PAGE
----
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Psychiatrist Wagemaker to Visit Hope r:




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by Carolyn Rink On Sept. 28 and 27 Dr. Herbert Wagemaker will be on Hope's campus to present lectures on Psychiatry and the biological treatment of the mentally ill. Dr. Wagemaker is currently the Director of Psychiatry at University Hospital in Louisville, Kentucky. He is also the supervisor of Hope's psychiatric internship at the hospital, as well as a s s o c i a t e p r o f e s s o r of psychiatry. Dr. Wagemaker will not only b e s p e a k i n g In c l a s s e s throughout the two days but also presenting lectures on campus. On T h u r s d a y t h e 26 D r . W a g e m a k e r will discuss "Depression and the P r o b l e m s In Treating It" during Community hour In Wlnants Auditorium. Then on Friday he will present a combined blology-chemlstrypsychology seminar In P e a l e 50

at 2:30. His topic will be "The and Biochemistry of Depression D _ Schizophrenia " At 4:15 he will make a presentation open to community, mental health • 1th professlonals, as well as Hope students, entitled 4 'The Use of Lithium Carbonate with the Chronically HI." Dr. Wagemaker attended Hope before he transferred to Wheaton to earn his degree in Psychiatry. He attended medical school at the University of Michigan and did his psychiatry residency at the University. He has had many publications of his m e d i c a l research Including publication on his controversial study of hemodialysis and Its effect on schizophrenia. He has also writ-* ten psychological books that are presented from a Christian perspective. Dr. Wagemaker Is actively Involved with Hope through the

psychiatry Internship he offers at University Hospital for psych majors and qualified premed students. Students work In the Psych unit or In other phases of the hospital. It Is a very unique opportunity for students are regarded as equal to medical students who are doing their rotations there. Students actively take part In dally staff meetings, patient rounds and s e m l n a r i . Much of the Internship Is very unstructured which allows students to work In other areas of the P s y c h ward or hospital. Interns also have a c c e s s to the medical school library. The internship lasts 8-10 weeks and Is worth 12 credit hours. Summer s e m e s t e r s are available. Students who are Interested In this program should contact Les Beach In the P s y c h department for more Information.

Van Wylen Addresses Congress ' J •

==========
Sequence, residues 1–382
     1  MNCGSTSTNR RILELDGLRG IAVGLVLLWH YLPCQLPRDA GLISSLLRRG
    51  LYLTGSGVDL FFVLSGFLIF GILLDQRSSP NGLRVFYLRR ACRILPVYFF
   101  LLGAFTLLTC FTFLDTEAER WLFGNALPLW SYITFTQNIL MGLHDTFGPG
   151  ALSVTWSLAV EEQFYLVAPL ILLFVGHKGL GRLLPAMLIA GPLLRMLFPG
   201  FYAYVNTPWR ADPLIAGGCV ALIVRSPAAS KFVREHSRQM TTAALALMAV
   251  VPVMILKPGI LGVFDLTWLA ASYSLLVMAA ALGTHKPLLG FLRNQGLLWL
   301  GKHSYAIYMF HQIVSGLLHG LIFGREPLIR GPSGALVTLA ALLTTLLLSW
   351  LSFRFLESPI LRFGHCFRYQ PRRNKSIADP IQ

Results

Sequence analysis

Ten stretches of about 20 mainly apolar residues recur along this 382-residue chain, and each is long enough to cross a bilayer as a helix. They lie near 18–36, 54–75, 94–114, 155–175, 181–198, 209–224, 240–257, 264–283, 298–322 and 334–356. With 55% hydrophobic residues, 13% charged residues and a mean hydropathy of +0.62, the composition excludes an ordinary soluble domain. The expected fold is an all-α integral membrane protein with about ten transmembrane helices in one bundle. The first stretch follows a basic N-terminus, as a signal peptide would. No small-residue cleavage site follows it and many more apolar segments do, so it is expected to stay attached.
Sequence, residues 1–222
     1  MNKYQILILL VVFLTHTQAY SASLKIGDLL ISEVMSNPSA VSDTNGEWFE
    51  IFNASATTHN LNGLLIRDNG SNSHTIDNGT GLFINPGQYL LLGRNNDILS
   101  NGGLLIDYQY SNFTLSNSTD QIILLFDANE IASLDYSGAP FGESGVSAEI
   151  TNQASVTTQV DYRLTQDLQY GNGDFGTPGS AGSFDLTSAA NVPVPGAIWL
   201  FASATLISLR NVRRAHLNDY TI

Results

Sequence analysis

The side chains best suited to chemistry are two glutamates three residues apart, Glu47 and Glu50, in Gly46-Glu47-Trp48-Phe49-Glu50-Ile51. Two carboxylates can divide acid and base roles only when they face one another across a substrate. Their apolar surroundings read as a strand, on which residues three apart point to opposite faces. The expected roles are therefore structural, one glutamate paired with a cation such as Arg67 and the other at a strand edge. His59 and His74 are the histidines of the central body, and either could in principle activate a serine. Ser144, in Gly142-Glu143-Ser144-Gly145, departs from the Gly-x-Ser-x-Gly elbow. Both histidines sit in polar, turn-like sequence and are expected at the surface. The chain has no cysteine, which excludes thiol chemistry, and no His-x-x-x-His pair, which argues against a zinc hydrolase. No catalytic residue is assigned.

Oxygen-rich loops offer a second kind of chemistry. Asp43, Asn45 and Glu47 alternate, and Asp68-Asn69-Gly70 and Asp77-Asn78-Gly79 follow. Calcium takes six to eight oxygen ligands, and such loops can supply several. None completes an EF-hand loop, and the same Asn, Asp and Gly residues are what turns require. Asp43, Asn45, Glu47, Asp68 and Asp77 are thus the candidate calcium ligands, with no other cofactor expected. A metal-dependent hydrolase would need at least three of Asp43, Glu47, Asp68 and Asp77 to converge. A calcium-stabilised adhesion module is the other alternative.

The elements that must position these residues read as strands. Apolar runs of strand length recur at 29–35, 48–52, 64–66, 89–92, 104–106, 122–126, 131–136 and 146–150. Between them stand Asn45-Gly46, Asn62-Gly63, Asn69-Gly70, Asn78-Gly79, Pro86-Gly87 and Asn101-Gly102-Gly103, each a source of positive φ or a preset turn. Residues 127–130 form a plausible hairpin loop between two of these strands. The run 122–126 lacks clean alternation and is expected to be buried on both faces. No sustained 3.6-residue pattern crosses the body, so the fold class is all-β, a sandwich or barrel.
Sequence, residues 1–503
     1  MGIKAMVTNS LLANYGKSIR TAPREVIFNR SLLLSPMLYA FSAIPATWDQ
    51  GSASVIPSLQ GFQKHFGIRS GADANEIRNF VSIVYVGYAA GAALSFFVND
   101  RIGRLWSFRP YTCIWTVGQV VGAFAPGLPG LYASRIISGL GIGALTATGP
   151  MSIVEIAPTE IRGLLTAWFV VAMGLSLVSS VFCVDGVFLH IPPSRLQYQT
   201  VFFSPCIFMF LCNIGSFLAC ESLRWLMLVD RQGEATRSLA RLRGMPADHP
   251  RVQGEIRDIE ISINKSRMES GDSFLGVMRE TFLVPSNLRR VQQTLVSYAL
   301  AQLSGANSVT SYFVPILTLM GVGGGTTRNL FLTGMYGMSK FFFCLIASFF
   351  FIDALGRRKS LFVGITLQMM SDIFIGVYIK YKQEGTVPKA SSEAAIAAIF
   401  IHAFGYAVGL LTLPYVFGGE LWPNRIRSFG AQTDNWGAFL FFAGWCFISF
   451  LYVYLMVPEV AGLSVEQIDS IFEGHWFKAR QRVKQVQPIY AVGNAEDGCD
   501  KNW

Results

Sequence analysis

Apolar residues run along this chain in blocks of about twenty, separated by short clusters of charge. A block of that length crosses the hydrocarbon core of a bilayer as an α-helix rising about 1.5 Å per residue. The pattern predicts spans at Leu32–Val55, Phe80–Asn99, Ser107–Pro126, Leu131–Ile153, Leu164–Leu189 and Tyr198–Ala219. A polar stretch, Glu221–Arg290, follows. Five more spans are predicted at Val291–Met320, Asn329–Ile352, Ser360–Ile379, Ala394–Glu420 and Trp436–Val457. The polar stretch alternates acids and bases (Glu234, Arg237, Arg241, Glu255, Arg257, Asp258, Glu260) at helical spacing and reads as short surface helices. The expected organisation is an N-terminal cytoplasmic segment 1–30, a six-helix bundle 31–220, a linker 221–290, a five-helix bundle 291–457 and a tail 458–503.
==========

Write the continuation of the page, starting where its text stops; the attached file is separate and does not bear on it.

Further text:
by Phil Tanis •


The second meeting of Student Congress for the year saw Hope College President Gordon J. Van Wylen address the group. "Student Congress is a very important part of the College," s t a t e d Van Wylen. "I am prepared to work with you in every way l e a n . " Van Wylen reaffirmed his plans for retirement after the 1986-87 school year. He then announced that a Presidential Search Committee had been formed and was awaiting a stus y s t e m s h o u l d a l l e v i a t e the difficult: s t u d e n t s h a v e in dent representative to begin. The committee is composed of c o r r e l a t iing ng different fields * ip b e c a u s e the fe r e l a t i o n s h i p bet- three members of the Board of w e e n s u b)}ec._ j e c t s is e x p l i c i t l y Trustees, two faculty members, s t a t e d in t h e c l a s s e s r a t h e r one member selected by the t h a n l e f t to t h e s t u d e n t to c o n - Alumni Association, one staff s t r u c t for h i m or h e r s e l f . member, and one student, makN y e n h u i s a l s o e x p l a i n e d that, ing a total of nine m e m b e r s . The committee will be funcb e c a u s e p r o f e s s o r s t e n d to int e r p r e t a topic w i t h r e g a r d to tioning for the next two years, t h e i r o w n u n i q u e f i e l d s , and the student selected will s t u d e n t s in p a i r e d c o u r s e s have to be involved for the entire will g a i n a w a r e n e s s of dif- time. Student Congress elected seferent p e r s p e c t i v e s on s i m i l a r s u b j e c t s . " I n a p a i r e d cond vice president Bob Clifford c l a s s of R e l i g i o n and Philosophv, one professor will s e e St. A u g u s t i n e a s a t h e o l o g i a n , t h e o t h e r will s e e him as a philosopher," he Legendary Jazz pianist Marian said. McPartland will open the Great D r . M e r r o l d W e s t p h a l , pro- Performance Series with a conf e s s o r of p h i l o s o p h y , s t r e s s e d cert Thursday, Sept. 26 at 8 p.m. that p a i r e d c o u r s e s a r e c o m - In Dlmnent Memorial Chapel. p l e t e l y o p t i o n a l , a n d that, In a Jazz world long dominated s i n c e all s u c h c l a s s e s c o n s i s t by black, male American perof r e q u i r e d c o r e s u b j e c t s , formers, McPartland h a s risen s t u d e n t s will not b e a d d i n g to to the top as a white, female t h e i r c o u r s e l o a d In t a l o n g British superstar. She Is adored by audiences them. F o r m o r e i n f o r m a t i o n o n around the world and admired a i r e d c l a s s e s , s e e J a c o b and revered by every Jazz peryenhuis o r M e r r o l d former who ever took to the stage Westphal. on the nightclub circuit. And no wonder, for the lady has a technical wizardry, stage :• > : v ;